ST. PETERSBURG, Fla. (WFLA) – A growing number of families are concerned about three Bay area cemeteries that are under state investigation for neglect concerns.
In addition, the cemeteries are in bankruptcy and under the control of a court-appointed trustee. Progress is slow for families who claim their concerns have been ignored for years.
The cemeteries in question are Royal Palm Cemetery South, Royal Palm Cemetery North in St. Petersburg, and Sarasota Memorial.
“This is ridiculous,” said Donna Saxer, whose family is buried at Royal Palm Cemetery South in St. Petersburg.
8 On Your Side’s Better Call Behnken became involved in May, after the family of Donna Maxwell asked for help. Maxwell died in March but her family soon discovered they could not bury her in her pre-paid gravesite beside her husband because another woman was already buried there.
Our investigation led to a state investigation by the Division of Funeral, Cemetery and Consumer Services. A state inspector visited Royal Palm South and confirmed that the wrong person was placed in Maxwell’s gravesite.
However, Maxwell’s body is still in a mausoleum, and her family is devastated.
“I shouldn’t have to go through this,” said Maxwell’s mother, Florence Jenkins. “Her wish was to be buried by her husband. That is where she should be.”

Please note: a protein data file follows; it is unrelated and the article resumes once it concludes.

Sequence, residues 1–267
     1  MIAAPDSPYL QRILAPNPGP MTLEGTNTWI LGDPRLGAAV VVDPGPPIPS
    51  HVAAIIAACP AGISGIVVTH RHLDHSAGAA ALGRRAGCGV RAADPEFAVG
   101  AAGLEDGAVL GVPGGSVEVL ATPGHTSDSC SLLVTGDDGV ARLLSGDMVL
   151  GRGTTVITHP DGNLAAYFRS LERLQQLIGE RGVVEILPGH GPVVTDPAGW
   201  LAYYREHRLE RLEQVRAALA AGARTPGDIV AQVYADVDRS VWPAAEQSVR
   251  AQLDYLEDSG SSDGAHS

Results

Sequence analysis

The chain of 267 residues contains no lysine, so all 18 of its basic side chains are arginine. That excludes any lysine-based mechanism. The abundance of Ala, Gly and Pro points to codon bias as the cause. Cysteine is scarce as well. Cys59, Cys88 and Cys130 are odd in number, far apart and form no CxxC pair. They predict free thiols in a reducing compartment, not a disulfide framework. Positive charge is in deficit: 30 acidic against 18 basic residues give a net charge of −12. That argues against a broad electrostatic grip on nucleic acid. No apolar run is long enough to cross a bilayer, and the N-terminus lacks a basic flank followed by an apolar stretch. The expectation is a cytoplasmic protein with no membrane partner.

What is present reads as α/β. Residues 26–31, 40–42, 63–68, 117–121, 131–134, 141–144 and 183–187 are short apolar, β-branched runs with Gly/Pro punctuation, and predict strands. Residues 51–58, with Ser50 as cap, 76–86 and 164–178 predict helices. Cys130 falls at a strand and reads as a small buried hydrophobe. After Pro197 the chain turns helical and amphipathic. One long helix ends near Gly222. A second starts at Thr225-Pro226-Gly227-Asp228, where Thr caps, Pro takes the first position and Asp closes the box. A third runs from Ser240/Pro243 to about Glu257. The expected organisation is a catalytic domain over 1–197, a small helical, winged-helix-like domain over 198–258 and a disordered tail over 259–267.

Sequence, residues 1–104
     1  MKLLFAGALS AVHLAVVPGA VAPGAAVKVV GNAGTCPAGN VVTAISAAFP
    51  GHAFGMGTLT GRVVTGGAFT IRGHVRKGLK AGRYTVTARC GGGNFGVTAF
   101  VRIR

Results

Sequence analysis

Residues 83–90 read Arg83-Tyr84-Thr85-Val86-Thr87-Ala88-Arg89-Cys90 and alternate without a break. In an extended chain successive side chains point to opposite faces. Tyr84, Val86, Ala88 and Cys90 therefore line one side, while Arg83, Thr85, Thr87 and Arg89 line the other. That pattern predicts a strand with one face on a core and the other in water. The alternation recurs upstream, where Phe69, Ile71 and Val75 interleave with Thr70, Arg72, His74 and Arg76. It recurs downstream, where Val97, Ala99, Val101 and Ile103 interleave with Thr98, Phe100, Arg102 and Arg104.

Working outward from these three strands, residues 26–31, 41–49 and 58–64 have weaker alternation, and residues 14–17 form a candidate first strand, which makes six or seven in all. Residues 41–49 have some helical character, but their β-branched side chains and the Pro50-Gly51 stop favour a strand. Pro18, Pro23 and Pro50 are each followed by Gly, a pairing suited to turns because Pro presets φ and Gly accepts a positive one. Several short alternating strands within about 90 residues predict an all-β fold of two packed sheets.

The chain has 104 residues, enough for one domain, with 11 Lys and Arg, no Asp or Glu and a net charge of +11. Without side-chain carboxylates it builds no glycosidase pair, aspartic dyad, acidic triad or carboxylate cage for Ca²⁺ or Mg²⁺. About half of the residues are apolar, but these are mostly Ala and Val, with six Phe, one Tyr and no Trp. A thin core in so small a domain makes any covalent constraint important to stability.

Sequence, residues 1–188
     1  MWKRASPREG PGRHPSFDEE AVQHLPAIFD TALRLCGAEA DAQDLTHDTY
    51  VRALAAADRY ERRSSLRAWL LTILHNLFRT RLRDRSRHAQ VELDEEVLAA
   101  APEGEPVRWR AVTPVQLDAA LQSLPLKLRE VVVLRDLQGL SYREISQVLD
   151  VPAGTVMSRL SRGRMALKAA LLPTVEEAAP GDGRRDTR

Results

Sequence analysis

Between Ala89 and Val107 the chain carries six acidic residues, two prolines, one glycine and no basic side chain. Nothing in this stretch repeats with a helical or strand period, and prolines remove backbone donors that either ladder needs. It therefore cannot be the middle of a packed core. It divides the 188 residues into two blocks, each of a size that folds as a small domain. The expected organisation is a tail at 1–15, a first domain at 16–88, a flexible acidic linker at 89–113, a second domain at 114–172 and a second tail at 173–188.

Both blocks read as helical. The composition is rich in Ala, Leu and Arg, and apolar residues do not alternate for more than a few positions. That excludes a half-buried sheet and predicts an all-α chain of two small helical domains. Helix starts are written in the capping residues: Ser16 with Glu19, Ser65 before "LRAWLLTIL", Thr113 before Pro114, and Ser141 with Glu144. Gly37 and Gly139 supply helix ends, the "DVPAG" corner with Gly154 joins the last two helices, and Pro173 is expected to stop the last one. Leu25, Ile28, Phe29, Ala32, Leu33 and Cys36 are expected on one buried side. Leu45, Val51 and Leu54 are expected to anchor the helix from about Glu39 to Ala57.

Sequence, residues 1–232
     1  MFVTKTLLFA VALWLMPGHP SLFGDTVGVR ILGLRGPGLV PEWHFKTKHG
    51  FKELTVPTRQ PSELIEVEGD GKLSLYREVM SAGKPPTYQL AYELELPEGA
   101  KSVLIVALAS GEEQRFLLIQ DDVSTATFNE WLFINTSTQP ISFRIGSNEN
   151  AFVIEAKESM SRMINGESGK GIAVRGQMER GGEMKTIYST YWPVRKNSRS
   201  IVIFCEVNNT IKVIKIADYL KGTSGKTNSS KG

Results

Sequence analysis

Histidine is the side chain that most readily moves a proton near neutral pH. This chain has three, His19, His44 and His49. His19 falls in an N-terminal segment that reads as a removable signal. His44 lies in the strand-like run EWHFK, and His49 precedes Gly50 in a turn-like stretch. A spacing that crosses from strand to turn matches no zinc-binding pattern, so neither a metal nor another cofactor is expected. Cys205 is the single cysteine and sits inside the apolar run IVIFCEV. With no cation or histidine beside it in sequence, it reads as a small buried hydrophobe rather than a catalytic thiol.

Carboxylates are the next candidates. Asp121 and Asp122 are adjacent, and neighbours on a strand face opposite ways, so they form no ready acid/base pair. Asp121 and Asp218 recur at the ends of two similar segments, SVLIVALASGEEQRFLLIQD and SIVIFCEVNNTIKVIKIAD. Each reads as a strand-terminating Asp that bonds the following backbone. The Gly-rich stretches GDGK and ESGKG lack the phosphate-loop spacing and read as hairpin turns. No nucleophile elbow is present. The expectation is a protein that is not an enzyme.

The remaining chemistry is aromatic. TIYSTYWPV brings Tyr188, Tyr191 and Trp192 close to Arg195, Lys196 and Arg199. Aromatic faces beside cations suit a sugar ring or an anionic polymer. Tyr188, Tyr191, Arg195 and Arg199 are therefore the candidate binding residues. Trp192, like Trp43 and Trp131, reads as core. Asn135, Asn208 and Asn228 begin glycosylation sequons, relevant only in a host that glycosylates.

Meanwhile, Saxer says the complaints date back several years. Families have complained about tire tracks over stones, code enforcement violations, such as a mausoleum cited unsafe and even bodies in the wrong graves.
In fact, in at least two other instances, bodies were placed in a site that was not the site they paid for, state inspection reports show.
Things are so dire that a federal judge appointed a trustee to manage the cemeteries, but court records show that only helped the man who runs the cemeteries, Clifford Work. He’s making a salary of $100,000 to run the day-to-day operations.
Saxer said she finds it offensive that Work is being paid a salary even though things are in turmoil and he won’t return calls from upset families.
“There are eight complaints now that are moving forward,” Saxer said. “Mine is one of those. They have 16 more that are in investigative stages.”